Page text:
Back at Hertz, the guy grabs his clipboard and my suitcase to escort me to the rental lot. The 8*C feels amazing and I walk with my jacket open and no other winter accoutrements on even though I can see my breath. I told the guy I definitely packed too much but I’m hoping for snow so I should be fine. I don’t notice much about the bus on my left or the smokers to my right that we pass on our short walk but I do see the black dog sitting on the edge of the road with a yellow tag on his right ear and pause to appreciate the sky beside the airport as we arrive at my white BMW X1 4×4 which doesn’t seem to be very high clearance.
The car takes diesel and I will have two types to choose from at the pump. I pull over outside the airport for a nice picture before the road lines disappear and I follow behind a vehicle as cars merge knowingly even with oncoming traffic. I feel better once the lines return between old buildings and wintered trees. The view is constantly changing, as it usually does with any amount of movement, but the main theme on the road is buildings on, next to, and between mountains and suspended Christmas lights as I enter the busier downtown district.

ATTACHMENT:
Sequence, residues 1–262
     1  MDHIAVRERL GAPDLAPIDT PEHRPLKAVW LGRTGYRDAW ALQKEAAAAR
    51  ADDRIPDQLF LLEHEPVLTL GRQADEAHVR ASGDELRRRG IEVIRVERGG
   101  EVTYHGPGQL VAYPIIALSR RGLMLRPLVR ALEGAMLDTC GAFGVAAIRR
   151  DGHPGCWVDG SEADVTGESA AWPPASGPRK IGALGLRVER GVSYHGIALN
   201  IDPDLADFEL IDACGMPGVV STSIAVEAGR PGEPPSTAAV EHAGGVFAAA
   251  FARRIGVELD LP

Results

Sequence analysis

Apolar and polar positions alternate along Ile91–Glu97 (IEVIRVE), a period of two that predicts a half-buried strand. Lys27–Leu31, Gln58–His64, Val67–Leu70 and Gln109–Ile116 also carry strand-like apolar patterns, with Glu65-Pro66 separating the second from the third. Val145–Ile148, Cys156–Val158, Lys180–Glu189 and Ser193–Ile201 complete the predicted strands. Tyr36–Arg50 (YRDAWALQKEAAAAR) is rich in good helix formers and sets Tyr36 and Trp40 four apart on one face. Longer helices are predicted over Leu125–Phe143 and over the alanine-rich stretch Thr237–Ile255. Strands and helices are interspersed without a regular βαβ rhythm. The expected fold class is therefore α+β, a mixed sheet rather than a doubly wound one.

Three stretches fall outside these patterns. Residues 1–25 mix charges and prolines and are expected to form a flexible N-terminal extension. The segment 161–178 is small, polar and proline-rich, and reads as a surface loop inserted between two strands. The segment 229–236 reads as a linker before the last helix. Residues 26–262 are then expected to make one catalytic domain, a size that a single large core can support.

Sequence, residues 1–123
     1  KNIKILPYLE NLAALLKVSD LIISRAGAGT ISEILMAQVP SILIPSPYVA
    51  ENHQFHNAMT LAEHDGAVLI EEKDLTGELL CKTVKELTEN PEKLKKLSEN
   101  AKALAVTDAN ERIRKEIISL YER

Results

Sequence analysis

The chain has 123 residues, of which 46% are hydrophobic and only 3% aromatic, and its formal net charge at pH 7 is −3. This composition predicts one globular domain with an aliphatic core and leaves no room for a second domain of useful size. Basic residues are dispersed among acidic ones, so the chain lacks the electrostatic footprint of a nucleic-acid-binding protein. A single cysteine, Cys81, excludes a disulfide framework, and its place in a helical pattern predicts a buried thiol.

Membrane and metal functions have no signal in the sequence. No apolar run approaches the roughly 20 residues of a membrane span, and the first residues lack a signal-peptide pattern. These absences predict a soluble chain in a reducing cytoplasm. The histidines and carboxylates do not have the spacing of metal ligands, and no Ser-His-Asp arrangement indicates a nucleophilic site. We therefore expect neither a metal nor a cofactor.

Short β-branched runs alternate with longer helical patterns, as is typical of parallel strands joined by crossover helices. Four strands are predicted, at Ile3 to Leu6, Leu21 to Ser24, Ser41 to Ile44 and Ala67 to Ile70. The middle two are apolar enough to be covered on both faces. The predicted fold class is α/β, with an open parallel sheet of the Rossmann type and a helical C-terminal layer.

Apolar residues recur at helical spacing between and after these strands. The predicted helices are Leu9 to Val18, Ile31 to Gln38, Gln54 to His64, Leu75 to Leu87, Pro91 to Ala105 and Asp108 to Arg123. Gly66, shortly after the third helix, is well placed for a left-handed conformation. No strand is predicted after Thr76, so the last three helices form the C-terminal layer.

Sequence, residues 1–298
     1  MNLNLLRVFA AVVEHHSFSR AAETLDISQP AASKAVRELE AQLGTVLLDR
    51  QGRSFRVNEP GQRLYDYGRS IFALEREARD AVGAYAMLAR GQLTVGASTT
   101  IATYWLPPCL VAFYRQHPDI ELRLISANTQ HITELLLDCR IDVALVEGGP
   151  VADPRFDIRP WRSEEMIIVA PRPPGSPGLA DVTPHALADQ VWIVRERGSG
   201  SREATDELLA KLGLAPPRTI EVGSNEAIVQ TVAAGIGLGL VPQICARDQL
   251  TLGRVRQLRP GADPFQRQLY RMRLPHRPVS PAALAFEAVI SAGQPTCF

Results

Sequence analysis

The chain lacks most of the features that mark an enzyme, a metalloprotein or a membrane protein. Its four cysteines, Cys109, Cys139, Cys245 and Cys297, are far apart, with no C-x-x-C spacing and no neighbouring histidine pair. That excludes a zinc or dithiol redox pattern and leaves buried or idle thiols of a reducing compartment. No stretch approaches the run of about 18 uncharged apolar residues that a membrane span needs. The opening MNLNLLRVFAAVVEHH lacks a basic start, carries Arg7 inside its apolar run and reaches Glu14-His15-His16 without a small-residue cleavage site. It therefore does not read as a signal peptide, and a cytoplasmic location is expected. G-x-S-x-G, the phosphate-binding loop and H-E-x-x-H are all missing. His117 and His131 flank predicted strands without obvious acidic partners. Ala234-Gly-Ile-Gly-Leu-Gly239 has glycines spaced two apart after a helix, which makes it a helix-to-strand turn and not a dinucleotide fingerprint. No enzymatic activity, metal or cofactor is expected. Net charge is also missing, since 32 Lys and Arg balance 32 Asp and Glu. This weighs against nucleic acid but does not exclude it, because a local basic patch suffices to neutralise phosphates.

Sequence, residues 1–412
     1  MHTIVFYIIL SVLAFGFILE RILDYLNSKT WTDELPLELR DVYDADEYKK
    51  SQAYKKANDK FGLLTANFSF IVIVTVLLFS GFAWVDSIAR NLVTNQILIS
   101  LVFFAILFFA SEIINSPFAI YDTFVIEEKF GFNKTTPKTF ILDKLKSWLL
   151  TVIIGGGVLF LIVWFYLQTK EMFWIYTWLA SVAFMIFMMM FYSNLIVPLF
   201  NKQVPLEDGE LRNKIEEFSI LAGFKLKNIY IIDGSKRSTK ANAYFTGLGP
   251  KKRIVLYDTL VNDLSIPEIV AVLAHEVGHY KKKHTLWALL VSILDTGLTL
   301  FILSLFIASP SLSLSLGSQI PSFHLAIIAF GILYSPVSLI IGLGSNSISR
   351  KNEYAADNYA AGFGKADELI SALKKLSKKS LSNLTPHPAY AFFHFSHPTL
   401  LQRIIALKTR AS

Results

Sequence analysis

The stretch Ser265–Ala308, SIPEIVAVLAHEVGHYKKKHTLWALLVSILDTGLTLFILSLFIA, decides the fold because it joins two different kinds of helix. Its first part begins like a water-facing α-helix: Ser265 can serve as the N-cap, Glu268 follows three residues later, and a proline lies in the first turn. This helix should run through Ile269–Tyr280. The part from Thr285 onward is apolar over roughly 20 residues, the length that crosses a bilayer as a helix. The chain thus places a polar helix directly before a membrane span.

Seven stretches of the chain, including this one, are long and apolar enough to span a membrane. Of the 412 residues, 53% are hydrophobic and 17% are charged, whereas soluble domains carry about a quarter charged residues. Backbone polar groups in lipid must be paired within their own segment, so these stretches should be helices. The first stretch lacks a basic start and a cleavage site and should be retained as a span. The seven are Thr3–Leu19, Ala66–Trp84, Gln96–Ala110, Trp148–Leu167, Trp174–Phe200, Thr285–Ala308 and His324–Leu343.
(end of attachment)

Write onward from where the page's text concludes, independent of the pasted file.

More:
I barely notice the sex music on the radio (sorry I don’t remember more details) as my senses are being pulled in all directions as I’m engaged like I knew I would be. The road goes from paved to smooth rocks turned on edge to provide traction for tires in inclement weather with a small concrete-like rough section between as a lane marker and footpath. I follow the signs for Guest House Zemeli as the street continues to climb and park as closely as I can next to a cardiologist’s gate (there’s a sign) to avoid being in the road, blocking the entrance, or hitting the light pole and walk up to the small wooden door with a large metal latch.